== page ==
|Publication number||US6706316 B2|
|Application number||US 09/850,788|
|Publication date||Mar 16, 2004|
|Filing date||May 8, 2001|
|Priority date||May 8, 2001|
|Also published as||US20020187254|
|Publication number||09850788, 850788, US 6706316 B2, US 6706316B2, US-B2-6706316, US6706316 B2, US6706316B2|
|Inventors||Syamal K. Ghosh, Fugui He, Harold Moore|
|Original Assignee||Eastman Kodak Company|
|Export Citation||BiBTeX, EndNote, RefMan|
|Patent Citations (10), Referenced by (9), Classifications (11), Legal Events (5)|
|External Links: USPTO, USPTO Assignment, Espacenet|
This invention relates to an ultrasonic encapsulation of electronic devices. More particularly, this invention relates to hermetically sealing a moisture sensitive electronic device, such as organic light emitting devices (OLED).
It is known in microelectronic industry that in order to be functionally efficient for their intended purposes, certain types of electronic devices must be sealed to protect them from the ambient environment. Various electronic devices require humidity levels in a range of about 2500 to maximum 5000 parts per million (ppm) to prevent premature degradation of device performance within a specified operating and/or storage life of the device. Control of the environment to this range of humidity levels within a packaged device is typically achieved by encapsulating the device and a desiccant within a cover.
Particular electronic devices, for example, OLED, polymer light-emitting devices, charge-coupled device (CCD) sensors, and micro-electro-mechanical sensors (MEMS) require humidity control to levels below about 1000 ppm and some require humidity control below even 100 ppm. Such low levels of humidity are not achievable using commonly used desiccants like silica gel or Drierite® materials. Molecular sieve materials can achieve humidity levels below 1000 ppm within an enclosure if dried at a relatively high temperature. However, molecular sieve materials have a relatively low moisture absorption capacity at humidity levels at or below 1000 ppm. Therefore, the minimum achievable humidity level using molecular sieve materials as a desiccant is a function of temperature within an enclosure. Moisture adsorbed by molecular sieve material, for example, at room temperature, can be released into the enclosure or package during temperature cycling to higher temperature, such as, for example, to a temperature of 100° C. Desiccants used within such packaged devices include metal oxides, alkaline earth metal oxides, sulfates, metal halides, or perchlorates, i.e., materials having desirably relatively low values of equilibrium minimum humidity and high moisture capacity. However, such materials often chemically absorb moisture relatively slowly compared to the above-mentioned molecular sieve, silica gel, or Drierite® materials. Such relatively slow reaction of desiccant with water vapor leads to a measurable degree of device degradation in terms of performance.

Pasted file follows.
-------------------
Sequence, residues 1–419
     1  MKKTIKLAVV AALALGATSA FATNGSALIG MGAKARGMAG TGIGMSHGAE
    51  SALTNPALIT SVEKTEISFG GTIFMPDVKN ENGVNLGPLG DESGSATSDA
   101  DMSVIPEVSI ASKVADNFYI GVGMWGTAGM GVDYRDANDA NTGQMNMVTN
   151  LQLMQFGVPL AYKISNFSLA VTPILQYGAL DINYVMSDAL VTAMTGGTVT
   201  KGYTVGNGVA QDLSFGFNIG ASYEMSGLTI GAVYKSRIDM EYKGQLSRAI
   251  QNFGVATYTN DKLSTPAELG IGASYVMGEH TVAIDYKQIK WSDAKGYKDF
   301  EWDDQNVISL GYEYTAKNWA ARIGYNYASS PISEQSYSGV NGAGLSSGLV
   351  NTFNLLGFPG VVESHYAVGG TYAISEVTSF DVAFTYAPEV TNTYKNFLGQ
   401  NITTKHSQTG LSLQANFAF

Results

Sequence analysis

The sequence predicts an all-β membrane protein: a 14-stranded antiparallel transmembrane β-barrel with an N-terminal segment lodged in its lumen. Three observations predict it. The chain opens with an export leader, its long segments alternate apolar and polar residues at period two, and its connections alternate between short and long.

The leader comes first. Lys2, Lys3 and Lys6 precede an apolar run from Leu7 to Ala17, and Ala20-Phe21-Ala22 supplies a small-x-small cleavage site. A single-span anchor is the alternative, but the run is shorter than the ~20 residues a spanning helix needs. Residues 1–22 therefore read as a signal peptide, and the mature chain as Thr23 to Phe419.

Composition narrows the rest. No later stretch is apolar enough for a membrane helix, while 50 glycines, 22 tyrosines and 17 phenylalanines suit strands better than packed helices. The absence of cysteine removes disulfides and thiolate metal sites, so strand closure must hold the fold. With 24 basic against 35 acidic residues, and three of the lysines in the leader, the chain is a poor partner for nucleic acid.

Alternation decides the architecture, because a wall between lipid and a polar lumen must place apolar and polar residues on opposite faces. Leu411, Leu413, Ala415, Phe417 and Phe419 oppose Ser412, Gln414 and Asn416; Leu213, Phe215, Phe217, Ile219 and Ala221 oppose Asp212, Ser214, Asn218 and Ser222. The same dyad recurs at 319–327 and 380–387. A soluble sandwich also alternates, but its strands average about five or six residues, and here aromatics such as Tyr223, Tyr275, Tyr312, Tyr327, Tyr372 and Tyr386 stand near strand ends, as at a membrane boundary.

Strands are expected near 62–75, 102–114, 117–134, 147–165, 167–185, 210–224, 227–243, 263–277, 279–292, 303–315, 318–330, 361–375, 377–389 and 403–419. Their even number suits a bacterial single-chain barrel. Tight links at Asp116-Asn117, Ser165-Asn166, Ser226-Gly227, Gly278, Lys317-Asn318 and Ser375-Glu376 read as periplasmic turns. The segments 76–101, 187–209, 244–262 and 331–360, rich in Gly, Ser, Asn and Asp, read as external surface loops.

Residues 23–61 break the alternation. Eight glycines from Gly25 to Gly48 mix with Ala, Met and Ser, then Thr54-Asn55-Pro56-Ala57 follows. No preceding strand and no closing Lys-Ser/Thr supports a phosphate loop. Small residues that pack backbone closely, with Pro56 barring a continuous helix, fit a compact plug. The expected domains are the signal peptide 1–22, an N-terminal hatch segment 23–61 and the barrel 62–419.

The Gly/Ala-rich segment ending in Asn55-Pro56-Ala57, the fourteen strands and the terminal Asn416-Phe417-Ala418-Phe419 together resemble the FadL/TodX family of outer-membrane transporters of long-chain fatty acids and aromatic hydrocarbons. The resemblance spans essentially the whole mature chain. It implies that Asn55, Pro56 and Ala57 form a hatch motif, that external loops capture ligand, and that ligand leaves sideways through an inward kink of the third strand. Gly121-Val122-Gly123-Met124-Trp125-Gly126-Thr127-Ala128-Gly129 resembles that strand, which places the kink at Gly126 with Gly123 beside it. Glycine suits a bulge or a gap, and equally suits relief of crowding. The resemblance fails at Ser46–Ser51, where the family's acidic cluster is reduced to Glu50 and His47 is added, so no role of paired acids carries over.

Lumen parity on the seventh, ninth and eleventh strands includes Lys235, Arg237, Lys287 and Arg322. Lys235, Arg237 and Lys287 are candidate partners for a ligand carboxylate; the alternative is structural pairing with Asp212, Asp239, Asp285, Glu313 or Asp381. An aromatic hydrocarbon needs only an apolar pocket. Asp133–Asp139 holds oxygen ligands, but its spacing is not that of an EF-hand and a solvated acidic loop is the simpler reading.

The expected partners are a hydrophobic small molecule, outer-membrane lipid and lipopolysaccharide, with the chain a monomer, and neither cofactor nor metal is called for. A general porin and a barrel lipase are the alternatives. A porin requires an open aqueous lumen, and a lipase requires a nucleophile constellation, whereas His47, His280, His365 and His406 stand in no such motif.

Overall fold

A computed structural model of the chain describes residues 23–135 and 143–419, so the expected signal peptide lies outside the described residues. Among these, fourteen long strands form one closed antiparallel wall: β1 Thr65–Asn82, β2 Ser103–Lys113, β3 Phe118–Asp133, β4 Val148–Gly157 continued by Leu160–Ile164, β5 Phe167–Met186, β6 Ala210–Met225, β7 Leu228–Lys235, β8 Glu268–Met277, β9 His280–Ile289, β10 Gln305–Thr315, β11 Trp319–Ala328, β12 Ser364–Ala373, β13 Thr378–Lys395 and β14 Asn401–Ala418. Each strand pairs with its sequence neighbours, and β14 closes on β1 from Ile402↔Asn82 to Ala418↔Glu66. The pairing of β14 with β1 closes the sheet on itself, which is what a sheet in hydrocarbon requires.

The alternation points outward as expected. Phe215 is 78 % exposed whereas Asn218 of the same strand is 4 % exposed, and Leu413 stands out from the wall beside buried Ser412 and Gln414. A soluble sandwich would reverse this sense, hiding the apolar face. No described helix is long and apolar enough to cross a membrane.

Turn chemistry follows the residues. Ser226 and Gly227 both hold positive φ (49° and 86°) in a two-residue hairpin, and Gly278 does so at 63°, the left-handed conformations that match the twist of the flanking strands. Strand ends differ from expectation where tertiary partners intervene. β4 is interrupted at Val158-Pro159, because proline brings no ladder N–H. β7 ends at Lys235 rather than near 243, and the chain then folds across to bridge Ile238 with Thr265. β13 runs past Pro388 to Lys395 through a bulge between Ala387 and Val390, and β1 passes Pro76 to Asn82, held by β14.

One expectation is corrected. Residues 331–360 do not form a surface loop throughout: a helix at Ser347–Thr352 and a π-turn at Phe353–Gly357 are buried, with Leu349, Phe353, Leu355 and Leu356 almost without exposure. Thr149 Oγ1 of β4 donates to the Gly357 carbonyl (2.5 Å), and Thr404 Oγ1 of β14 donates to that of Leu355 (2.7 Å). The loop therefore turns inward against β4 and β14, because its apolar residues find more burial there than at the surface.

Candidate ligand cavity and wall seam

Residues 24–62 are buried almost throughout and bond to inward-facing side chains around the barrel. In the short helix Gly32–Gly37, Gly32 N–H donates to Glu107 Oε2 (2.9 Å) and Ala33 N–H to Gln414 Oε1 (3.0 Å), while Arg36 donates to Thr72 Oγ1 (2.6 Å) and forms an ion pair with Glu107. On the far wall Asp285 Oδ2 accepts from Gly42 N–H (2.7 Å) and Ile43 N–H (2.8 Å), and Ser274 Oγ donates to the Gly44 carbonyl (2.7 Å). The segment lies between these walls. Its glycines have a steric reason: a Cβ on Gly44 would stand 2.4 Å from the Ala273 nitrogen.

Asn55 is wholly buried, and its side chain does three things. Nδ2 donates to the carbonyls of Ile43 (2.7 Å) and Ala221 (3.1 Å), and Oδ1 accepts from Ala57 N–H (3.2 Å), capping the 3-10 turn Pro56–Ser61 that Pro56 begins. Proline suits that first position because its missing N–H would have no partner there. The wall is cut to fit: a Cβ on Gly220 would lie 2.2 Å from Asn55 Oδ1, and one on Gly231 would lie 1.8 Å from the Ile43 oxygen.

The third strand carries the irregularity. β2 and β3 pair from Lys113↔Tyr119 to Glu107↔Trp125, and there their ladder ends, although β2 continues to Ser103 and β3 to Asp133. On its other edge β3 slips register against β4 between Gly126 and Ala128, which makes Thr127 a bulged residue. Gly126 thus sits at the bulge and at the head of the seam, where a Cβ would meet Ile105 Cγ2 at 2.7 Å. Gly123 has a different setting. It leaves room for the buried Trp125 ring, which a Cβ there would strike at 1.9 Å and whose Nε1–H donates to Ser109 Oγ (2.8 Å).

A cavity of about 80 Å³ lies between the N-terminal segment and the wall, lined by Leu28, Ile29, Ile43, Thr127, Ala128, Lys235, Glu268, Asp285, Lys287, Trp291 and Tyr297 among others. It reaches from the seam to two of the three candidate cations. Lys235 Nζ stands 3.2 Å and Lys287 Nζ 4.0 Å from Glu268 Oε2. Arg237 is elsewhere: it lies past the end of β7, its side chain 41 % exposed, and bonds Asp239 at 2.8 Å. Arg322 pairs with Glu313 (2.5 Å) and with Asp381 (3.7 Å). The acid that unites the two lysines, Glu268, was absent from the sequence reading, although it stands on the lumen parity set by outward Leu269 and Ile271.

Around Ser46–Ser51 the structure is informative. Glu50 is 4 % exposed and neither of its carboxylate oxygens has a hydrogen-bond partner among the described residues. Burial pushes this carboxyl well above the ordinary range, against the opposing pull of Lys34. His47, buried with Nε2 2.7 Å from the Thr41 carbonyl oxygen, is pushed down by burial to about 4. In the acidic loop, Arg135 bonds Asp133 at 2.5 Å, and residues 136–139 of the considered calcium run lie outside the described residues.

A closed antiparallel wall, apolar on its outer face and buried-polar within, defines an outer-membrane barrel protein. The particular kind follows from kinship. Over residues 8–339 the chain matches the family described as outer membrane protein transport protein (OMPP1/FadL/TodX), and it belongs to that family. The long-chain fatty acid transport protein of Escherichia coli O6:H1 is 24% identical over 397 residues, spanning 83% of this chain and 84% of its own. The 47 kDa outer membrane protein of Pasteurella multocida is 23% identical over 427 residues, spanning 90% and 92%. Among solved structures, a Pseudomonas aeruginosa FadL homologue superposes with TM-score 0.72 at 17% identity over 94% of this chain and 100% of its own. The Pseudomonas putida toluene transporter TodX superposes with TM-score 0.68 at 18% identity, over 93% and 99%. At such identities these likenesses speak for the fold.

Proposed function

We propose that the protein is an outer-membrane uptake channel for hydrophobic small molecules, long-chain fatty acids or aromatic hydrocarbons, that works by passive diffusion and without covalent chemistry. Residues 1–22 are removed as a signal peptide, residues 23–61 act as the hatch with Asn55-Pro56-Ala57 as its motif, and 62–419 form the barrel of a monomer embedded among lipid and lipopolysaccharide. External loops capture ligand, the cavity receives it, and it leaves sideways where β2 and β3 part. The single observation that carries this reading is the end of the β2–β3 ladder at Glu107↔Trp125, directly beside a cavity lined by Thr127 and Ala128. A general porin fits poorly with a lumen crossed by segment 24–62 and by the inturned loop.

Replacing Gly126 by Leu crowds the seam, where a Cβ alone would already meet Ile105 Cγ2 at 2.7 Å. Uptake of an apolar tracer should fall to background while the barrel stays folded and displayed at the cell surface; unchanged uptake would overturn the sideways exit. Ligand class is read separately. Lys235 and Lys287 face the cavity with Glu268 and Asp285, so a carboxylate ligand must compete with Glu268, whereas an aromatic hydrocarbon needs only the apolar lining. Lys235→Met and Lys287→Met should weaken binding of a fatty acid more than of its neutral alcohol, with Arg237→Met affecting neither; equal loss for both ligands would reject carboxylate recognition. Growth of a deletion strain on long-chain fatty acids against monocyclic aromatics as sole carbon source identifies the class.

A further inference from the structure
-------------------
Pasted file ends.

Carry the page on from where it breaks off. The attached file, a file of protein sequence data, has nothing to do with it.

Numerous publications describe methods and/or materials for controlling humidity levels within enclosed or encapsulated electronic devices. For example, Kawami et al., European Patent Application EP 0776 147 A1 discloses an organic EL element enclosed in an airtight container which contains a desiccant comprised of a solid compound for chemically absorbing moisture. The desiccant is spaced from the organic EL element, and the desiccant is consolidated in a predetermined shape by vacuum vapor deposition, sputtering, or spin coating.
Shores discloses in U.S. Pat. No. 5,304,419 a moisture and particle getter for enclosures which enclose the electronic device. A portion of an inner surface of the enclosure is coated with a pressure sensitive adhesive containing a solid desiccant.
Shores discloses in U.S. Pat. No. 5,401,536 a method of providing a moisture-free enclosure for an electronic device in which the enclosure contains a coating or adhesive with desiccant properties. The coating or adhesive comprises a protonated alumina silicate powder dispersed in a polymer.
Shores discloses in U.S. Pat. No. 5,591,379 a moisture gettering material composition for hermetic devices. The composition is applied as a coating or adhesive on the interior surface of a device packaging, and the composition comprises a water vapor permeable binder, which has dispersed therein a desiccant which is preferably a molecular sieve material.